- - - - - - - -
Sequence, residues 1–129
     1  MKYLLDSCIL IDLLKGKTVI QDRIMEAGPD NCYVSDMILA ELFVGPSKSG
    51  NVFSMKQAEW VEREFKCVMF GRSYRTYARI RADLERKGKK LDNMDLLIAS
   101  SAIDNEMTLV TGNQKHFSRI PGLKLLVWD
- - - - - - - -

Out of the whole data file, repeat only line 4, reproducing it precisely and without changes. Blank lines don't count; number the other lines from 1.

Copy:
   101  SAIDNEMTLV TGNQKHFSRI PGLKLLVWD